But all this meta commentary (the park itself is an explosion of product placement, including actual Jurassic Park merchandise) doesn’t get in the way of a darn good yarn. And turning the Indominus into a deluxe killing machine – it’s so twisted by years in solitude it basically kills everything it sees – makes it the best villain the series may have had. Of course not only the Indominus chalks up kills – plenty of other dinos get a look in, and one character in particular gets a death scene so completely over-the-top you can’t help but laugh a little (if rather guiltily).

So you can see why rent-a-baddie Vic Hoskins from corporateville wants Owen Grady to send in his velociraptors to take it out. The series’ longstanding terror figures are reimagined here as hazy allies – and seeing Chris Pratt (respectfully) give them commands and pet them immediately establishes his cool credentials. Grady takes on the role of the man humble before nature – he stresses he doesn’t control the raptors, it’s a relationship of mutual respect – as well as being the sort of kick-ass alpha male that Harrison Ford would have played in his prime.

Pratt is pretty damn good in the film – the perfect guy to root for – and the velociraptor action is undeniably cool. Bryce Dallas Howard has a rather thankless part as his uptight love interest (and yes she wears those shoes for the whole film) but she does play the part with a certain wit. Simpkins and Robinson are very good as kids you end up rooting for rather than hating. Most of the rest of the cast fit neatly into deserving dino-fodder or otherwise (and by-and-large meet the expected fates), but Wong is good as a sinister Dr Wu, and Johnson and Lapkus give some good comic relief (including one laugh out loud moment) as technicians.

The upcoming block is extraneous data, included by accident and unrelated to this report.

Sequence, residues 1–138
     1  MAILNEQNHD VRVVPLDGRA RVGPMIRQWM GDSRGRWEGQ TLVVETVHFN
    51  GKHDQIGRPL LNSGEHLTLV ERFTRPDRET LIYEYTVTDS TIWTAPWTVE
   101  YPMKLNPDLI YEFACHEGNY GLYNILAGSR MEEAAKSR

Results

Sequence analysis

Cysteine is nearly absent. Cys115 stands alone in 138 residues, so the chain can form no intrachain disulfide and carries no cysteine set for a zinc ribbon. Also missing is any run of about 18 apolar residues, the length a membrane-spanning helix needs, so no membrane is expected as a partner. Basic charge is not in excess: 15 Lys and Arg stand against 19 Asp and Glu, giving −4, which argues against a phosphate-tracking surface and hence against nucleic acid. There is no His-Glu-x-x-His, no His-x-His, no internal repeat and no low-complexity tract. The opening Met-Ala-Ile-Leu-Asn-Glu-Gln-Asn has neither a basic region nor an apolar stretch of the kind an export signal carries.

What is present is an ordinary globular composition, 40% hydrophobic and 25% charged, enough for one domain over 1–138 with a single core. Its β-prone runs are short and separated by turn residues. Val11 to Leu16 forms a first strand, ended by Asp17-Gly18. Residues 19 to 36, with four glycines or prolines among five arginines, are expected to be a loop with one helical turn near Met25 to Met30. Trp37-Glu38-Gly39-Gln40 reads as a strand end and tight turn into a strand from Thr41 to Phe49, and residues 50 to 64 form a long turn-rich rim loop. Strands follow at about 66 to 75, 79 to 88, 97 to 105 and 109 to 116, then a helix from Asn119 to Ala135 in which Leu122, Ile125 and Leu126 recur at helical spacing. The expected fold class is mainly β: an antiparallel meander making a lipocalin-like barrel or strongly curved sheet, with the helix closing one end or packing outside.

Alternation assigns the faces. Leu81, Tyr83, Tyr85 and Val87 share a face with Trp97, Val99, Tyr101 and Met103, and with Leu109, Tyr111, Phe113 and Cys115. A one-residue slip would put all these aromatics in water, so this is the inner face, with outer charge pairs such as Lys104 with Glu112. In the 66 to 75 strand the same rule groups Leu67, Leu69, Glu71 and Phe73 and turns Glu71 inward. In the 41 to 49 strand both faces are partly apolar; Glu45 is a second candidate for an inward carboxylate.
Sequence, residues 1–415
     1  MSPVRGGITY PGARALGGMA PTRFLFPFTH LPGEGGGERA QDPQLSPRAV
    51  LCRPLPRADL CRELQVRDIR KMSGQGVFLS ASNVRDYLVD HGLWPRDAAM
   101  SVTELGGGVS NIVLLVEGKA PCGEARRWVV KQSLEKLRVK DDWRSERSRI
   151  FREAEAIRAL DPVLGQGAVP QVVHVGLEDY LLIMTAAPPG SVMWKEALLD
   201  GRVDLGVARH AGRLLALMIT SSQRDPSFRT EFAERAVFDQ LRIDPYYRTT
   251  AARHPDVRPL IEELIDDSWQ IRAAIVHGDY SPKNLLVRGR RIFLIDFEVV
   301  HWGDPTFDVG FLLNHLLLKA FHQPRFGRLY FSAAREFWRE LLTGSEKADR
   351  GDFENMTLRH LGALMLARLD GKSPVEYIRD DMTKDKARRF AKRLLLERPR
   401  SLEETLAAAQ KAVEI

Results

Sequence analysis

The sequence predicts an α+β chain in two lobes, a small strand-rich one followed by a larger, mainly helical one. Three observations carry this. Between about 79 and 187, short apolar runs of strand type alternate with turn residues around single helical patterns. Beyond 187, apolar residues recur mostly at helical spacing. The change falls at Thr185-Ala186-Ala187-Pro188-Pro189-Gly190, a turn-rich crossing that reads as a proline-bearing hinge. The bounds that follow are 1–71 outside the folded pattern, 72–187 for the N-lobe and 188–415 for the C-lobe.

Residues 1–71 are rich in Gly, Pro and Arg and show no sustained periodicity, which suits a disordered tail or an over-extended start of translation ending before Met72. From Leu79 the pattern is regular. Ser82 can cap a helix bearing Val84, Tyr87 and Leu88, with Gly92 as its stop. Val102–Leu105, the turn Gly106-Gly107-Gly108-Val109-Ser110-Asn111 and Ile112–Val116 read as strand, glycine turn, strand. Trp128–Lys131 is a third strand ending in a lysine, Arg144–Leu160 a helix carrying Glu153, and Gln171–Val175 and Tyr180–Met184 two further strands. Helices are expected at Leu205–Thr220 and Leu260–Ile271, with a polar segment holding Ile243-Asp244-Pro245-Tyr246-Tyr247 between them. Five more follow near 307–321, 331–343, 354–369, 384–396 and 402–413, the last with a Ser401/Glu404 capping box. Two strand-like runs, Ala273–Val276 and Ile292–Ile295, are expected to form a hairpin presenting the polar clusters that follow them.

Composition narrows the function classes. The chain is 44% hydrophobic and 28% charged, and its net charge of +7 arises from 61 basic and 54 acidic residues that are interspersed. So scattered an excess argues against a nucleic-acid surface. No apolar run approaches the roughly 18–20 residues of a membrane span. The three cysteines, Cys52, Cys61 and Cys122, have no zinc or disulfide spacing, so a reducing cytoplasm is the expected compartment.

Jurassic World is such great fun from start to finish I can more or less overlook its flaws. Sure its dialogue is sometimes clunky. Sure logic often goes out of the window. Sure Iffran Khan’s character fluctuates so wildly (one minute he’s a “let’s just have fun” guy the next he’s a “bottom dollar is God” CEO) that you can tell it was probably changed in reshoots after feedback. D’Onofrio’s villain is so straight forward you’ve seen him dozens of times. The film is, at heart, an episodic series of clashes between Indominus and a range of adversaries.

But it doesn’t matter because it is a film that understands – and can speak – the language of movie magic. That can mix thrills with awe. That knows the key to your heart is not offering you bigger bangs, but in working hard to give you characters you care about. It’s a film made by people who loved the first movie but – and this is so rare – also understood what made the first film so good. And who can resist cheering the final few moments as a half-team of dinosaurs and humans take on the Indominus for final showdown? It’s a perfect Spielbergian rollercoaster ride and I’ve seen it dozens of times and I love it. It’s one of my ultimate guilty pleasures.